Talking Travis: Mark Strama

District 50 rep talks interim planning and his Sunny Day fund plan

Rep. Mark Strama talks to Rep. Stephen Frost while his deskmate Rafael Anchia studies bills (Photo by Richard Whittaker)

Call him Chairman Mark Strama. When Speaker Joe Straus first announced that he was instituting a new House Technology, Economic Development & Workforce Committee, it was half-jokingly nick-named the Mark Strama committee. When he got the job as chair, it seemed the only person it surprised was Strama. “I wish it had been my idea,” he said. "Amazingly, I had people looking out for me." Mixing green collar jobs and long-term economic develpment is, he has repeatedly said, right in Austin's sweet spot and essential for the future of the state. Plus, he added, "It's exactly the area I want to work on." The downside is that because it’s a new committee, there was a settling-in period, defining its new role and making sure it got the right bills. So he’s already looking ahead to the 2011 session. "When you have an interim to prepare for a committee, you can prepare an agenda better than when you get the assignment when the session has already started."

Rep. Mark Strama and Mayor Will Wynn (Photo by Jana Birchum)

The interim will allow him to work on "a much more aggressive agenda." He already has targets, all working to the goal of making Texas a more tech-savvy state state. They include extending broadband provision to under-served areas, commercializing university R&D, and expanding pre-K teaching provision. Current research shows that period in a child's development may be as important as the time covered by K-12 "but what we provide for them is care-taking and not education," he said. It's less how much money the state spends, but where it spends it. "More than half the [Texas] Workforce Commission’s budget is federal child care, and that gives people the ability to work and provide for their families but we’re not doing enough with those federal dollars to make sure those kids are in school."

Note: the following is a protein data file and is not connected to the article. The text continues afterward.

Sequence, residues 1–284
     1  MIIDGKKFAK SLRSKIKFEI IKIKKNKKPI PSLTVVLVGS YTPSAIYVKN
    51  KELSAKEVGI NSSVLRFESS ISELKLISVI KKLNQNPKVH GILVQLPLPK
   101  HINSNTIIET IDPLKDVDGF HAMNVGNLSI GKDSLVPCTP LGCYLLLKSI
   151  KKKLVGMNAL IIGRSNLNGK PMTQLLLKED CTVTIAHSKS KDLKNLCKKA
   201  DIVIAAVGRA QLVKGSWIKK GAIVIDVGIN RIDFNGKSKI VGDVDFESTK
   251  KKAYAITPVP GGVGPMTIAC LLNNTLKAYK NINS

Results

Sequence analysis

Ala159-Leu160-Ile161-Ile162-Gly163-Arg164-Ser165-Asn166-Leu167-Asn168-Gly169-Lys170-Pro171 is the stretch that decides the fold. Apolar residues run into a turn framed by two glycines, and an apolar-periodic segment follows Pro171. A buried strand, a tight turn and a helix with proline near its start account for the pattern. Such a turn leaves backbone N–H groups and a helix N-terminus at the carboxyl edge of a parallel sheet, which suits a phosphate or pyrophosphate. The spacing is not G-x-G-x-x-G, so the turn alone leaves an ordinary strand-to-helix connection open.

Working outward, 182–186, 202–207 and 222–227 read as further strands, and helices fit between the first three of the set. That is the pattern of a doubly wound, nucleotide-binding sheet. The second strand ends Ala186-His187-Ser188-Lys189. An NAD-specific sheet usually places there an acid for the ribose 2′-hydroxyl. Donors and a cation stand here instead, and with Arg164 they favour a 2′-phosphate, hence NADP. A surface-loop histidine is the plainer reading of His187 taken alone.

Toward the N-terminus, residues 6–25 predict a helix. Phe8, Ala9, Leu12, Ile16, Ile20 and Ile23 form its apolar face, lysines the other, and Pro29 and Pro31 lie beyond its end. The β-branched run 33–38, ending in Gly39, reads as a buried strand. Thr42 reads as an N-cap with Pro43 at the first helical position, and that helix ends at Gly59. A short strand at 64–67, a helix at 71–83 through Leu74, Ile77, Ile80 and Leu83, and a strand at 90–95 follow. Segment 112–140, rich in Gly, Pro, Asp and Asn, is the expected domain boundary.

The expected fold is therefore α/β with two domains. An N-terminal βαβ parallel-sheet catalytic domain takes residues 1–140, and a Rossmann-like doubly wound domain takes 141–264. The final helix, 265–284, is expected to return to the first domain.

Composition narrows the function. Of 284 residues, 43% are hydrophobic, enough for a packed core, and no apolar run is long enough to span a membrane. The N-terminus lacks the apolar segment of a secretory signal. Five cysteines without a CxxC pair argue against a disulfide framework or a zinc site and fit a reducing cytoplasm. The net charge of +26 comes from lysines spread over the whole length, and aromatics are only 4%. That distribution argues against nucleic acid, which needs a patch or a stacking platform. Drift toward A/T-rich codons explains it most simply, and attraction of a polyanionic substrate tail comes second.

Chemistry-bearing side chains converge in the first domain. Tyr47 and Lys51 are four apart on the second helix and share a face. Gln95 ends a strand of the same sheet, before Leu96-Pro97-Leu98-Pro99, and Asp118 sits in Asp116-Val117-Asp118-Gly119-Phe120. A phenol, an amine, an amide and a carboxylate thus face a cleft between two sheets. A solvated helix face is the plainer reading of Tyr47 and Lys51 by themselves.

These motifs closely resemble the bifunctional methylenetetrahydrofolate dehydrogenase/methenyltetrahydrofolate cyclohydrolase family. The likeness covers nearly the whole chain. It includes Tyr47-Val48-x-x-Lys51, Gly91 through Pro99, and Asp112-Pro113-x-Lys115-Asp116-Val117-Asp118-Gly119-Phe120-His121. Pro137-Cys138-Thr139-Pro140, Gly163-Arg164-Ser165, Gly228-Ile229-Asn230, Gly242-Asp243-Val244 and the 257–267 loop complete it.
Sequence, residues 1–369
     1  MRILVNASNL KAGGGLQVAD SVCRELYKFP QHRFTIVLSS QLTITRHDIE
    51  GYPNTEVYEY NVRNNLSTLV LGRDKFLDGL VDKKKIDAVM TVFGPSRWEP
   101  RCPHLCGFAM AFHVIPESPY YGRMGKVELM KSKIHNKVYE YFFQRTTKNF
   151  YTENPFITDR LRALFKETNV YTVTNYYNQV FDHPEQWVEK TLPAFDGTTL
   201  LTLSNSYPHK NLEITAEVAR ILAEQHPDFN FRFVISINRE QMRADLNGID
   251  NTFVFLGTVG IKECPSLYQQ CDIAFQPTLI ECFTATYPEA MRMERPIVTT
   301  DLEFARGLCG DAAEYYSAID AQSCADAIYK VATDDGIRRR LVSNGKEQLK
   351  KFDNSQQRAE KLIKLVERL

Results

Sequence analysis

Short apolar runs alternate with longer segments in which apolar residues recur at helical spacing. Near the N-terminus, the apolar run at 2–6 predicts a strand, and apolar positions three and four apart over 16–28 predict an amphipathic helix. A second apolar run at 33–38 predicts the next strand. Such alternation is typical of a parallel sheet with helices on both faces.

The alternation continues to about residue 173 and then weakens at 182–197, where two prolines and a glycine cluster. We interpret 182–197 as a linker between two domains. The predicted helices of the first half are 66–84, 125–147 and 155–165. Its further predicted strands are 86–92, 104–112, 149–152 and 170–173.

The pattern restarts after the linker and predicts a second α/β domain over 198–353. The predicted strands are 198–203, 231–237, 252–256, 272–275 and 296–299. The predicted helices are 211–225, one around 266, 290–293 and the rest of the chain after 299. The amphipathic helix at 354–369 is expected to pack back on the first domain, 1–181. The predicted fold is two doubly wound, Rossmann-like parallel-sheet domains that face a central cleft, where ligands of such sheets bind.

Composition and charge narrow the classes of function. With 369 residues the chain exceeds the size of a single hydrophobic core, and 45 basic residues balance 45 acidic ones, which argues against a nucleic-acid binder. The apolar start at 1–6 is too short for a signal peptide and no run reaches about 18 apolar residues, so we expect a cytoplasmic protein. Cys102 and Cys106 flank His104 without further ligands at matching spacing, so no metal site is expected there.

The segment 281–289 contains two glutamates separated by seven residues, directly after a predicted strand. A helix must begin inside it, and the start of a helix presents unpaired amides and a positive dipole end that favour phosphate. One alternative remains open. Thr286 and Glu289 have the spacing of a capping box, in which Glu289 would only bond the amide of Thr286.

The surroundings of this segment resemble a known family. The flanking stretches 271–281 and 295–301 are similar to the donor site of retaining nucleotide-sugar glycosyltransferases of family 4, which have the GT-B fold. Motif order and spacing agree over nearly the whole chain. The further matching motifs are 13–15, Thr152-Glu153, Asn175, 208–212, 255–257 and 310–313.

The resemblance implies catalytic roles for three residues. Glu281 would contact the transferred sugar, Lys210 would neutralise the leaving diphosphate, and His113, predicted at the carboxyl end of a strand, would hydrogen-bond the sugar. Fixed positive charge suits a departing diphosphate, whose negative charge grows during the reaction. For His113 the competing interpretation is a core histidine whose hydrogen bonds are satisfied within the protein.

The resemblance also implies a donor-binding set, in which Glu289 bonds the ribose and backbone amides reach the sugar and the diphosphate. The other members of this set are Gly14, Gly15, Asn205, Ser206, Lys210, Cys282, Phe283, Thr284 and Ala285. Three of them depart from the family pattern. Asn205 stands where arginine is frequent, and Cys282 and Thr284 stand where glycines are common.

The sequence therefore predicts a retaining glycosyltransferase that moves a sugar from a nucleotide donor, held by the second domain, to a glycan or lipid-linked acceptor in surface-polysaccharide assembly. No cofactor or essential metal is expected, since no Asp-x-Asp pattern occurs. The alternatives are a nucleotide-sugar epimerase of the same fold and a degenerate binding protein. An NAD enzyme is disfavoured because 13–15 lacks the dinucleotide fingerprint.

Of course, he's still got a lot of work to do this session if he's to salvage high priority bills, like the green jobs training in HB 516 and the solar improvement provisions in HB 2573: At this late stage, it will probably take some complicated legwork and amendment-drafting to get motion. But his most ambitious plan may be the Sunny Day fund in HB 4325. He explained, "We take a billion dollars from the Rainy Day fund and use it for matching dollars for competitively awarded federal stimulus money. As you know, the stimulus has a ton of money that flows to states, no matter what. Then there's money with strings attached. Then there's a third pile of money, as big as the other two, that is awarded competitively. Some states will get it, some states won't. Some cities will get it, some cities won't."

He admits that Texas has to box clever to get that cash: Swing states can make a strong political case, while solid blue states like California can make the loyalty argument. "Texas doesn't have either of those arguments," he said, "But we can got to the feds and say 'We think you should invest that money here because you'll get 33% more because we'll put some of our spending in it.' That's a compelling argument."

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